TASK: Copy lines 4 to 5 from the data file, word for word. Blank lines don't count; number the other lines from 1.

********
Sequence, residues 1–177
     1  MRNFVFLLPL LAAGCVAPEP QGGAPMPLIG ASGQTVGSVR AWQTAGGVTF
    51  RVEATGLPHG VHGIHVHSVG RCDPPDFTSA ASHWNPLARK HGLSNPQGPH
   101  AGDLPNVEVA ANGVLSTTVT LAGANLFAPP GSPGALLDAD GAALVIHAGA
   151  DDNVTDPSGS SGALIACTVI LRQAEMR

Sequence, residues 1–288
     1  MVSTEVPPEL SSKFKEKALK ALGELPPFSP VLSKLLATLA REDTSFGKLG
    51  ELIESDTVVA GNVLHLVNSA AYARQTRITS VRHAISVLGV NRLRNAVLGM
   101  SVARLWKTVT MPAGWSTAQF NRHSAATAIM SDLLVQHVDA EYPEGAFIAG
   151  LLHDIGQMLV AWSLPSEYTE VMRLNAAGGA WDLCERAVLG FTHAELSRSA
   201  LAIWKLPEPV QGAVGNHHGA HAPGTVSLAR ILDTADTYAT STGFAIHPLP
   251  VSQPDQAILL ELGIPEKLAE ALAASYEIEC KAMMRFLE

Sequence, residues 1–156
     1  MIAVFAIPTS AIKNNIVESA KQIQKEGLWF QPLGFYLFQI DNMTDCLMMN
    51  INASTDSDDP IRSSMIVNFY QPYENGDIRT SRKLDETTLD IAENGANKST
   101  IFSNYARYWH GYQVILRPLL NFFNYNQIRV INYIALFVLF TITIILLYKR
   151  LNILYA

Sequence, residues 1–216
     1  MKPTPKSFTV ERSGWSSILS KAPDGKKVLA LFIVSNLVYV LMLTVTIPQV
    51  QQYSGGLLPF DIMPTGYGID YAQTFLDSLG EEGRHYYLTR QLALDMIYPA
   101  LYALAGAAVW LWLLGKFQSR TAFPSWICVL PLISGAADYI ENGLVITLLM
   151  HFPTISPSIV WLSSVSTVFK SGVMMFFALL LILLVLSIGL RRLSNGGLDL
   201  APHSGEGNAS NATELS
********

   101  AGDLPNVEVA ANGVLSTTVT LAGANLFAPP GSPGALLDAD GAALVIHAGA
   151  DDNVTDPSGS SGALIACTVI LRQAEMR